The hands are a little difference, and the elbow may be higher.

atoms
Guest
atoms
6 years 1 month ago

honestly, it looks like the dimensions of the second set of embedded photos (as he prepares to swing) are affecting your perceptions. if they were identically proportioned, he’d look closer to the plate and less crouched. i think the main difference is his elbow position: on the sox, the elbow’s in tighter to the body. but then again, it appears that the lower-photo pitch is away, and he may adjust his front arm position to swing at an outside pitch.

Christian
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Christian
6 years 1 month ago

Great article, really well done.

Knox
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Knox
6 years 1 month ago

Thanks Pat’s Dad, that is nice of you to post here.

Steve C
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Steve C
6 years 1 month ago

Premium position? Left field?

NRC
Guest
NRC
6 years 1 month ago

“. . . combined with mediocre defense at a premium position, . . .”

I stopped reading here.

Tito Puente Jr
Guest
Tito Puente Jr
6 years 1 month ago

You’re off with the ‘mediocre defense” too…Bay has been fantastic in LF this year. No Errors, very good range, decent first steps, solid accurate throws and plays the wall as good as anybody.

He’s been much better than anybody expected. He may not win a GG, but how many LF’ers do?

I look at Bay’s first year in NY and compare it to Beltrans. Bay will adjust and this slow start will be an after thought.

Jeff P
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Jeff P
6 years 1 month ago

I guess he’s been better than I expected, but his arm is actually pretty bad.

Zack
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Zack
6 years 1 month ago

Besides being an OF and struggling in their first season, what are you comparing between the two?

wobatus
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wobatus
6 years 1 month ago

Does there have to be more? Beltran had a so-so first year in NY, same with Bay. He suggests Bay may snap back in subsequent years like Beltran. Do you disagree?

Zack
Guest
Zack
6 years 1 month ago

Yeah, because that’s just a simplist answer in my view. ‘Oh, Beltran struggled his first year, so Bay will bounce back too.’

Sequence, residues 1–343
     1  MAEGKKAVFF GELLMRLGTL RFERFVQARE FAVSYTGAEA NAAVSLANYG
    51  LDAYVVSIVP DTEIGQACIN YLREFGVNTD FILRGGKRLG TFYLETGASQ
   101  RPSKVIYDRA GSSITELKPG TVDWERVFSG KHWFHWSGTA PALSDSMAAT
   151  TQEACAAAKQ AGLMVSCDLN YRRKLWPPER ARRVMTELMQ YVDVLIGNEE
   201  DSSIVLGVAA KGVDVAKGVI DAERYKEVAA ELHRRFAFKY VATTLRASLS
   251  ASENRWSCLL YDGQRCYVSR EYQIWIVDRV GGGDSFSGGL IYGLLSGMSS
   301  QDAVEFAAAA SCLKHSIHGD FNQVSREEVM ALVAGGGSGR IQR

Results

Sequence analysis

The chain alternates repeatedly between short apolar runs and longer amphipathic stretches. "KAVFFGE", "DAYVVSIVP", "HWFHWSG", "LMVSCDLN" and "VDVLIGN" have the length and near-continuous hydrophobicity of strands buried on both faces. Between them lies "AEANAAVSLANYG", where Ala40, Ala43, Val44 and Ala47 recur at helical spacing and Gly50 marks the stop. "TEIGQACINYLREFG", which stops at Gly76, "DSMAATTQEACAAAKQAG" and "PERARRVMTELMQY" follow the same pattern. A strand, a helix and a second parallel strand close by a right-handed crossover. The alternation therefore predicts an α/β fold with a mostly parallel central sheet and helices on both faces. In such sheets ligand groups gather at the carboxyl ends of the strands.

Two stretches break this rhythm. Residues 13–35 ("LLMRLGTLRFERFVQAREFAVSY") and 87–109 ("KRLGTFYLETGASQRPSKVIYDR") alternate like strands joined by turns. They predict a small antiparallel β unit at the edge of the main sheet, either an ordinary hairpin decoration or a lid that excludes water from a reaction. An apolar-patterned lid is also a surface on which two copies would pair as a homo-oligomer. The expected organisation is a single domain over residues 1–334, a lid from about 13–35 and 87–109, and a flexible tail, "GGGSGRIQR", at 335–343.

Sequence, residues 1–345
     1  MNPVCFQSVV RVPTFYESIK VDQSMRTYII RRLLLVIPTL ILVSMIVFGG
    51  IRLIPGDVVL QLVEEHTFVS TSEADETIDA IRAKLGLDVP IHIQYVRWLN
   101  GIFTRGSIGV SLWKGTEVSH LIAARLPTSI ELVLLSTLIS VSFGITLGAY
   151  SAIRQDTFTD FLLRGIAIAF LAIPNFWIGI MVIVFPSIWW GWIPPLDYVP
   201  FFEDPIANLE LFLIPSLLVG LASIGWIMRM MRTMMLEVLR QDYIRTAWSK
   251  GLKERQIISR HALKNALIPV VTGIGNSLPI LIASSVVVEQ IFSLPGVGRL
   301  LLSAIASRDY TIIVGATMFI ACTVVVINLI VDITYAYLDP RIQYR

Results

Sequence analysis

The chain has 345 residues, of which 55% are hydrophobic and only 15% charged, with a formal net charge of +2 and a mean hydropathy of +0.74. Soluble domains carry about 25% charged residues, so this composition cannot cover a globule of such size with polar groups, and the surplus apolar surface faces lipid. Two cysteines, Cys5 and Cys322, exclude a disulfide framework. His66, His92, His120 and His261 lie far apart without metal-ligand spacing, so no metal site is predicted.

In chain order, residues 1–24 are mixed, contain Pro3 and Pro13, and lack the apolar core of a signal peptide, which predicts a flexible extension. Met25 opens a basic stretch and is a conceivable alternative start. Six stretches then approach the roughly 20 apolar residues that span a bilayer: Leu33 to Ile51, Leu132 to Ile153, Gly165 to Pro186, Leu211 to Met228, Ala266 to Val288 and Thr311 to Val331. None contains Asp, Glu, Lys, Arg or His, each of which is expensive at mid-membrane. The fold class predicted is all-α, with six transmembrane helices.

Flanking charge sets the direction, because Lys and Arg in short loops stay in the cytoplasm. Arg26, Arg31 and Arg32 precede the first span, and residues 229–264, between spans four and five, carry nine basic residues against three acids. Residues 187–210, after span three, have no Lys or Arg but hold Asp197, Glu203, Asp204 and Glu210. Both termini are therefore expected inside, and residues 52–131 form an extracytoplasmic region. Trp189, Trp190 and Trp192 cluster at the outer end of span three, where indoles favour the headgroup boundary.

If you’re going to compare the two, actually compare their performances. Did they have similar drops in BB%? ISO? BABIP? K% go up? etc.

Franco
Guest
Franco
6 years 1 month ago

I didn’t catch all that much of Bay while he was in Pits and Boston, but it seems like he’s not swinging for the fences since he joined the Mets. It’s not like he’s hitting a ton of flyballs that are dying at the warning track. Seems is the operative word here though so I can be talking nonsense.

Who knows, maybe a player hits a couple bombs in the gaps at Citi just to have it caught and they give up on trying to drive the ball up the middle.

CircleChange11
Guest
CircleChange11
6 years 1 month ago

I am the one that aked for “more” info in the last Bay article, as the author simply displayed that Bay had a redution in power, which was not all that revealing.

When I looked at his spray charts, he was not pulling the ball deep to LF, but was seemingly (going by the hit distribution) hitting more line drives to left.

This could be due to “hitting around the ball” instead of squaring it up. Hitting around the ball imply refers to batters that hit the outside half of the ball seemingly no matter where it’s pitched … see Alfonso Soriano for a classic example.

Another explanation could be that he is “rolling over” on the ball meaning that his top hand rolls over prematurely, which reduces loft or drive on the ball (i.e. changes it from backspin to topspin).

I do my share of reading mechanical analysis and looking at pitching/hitting breakdowns, and a couple of things I notice …

[1] This is the worst view for analyzing batting mechanics. One needs to look at it from the side, where one can look directly at the letter/buckle of the batter, to see just what is happening with the hips, hands, and truck (belt buckle).

[2] His setup looks to be very similar (distance fromplate, feet spacing, hand location, etc).

One of the main things I would be looking for is how “flat” the bottom portion of his swing path is. Most hitters have a swing path in the shape of a “C”. Pujols swing path is essentially “flat” on the bottom, which means the barrel stays in the zone a long time, which allows him to drive the ball on a line to all fields.

I would be most curioous as the whether Bay’s wrists stay in position through the point of contact, or if he is rolling his top wrist at the point of contact instead of during the follow through. That would cut down his “power” in therms of distance or loft quite a bit. In other words he would be hitting “topspin liners” instead of “backspin flies” on good contact.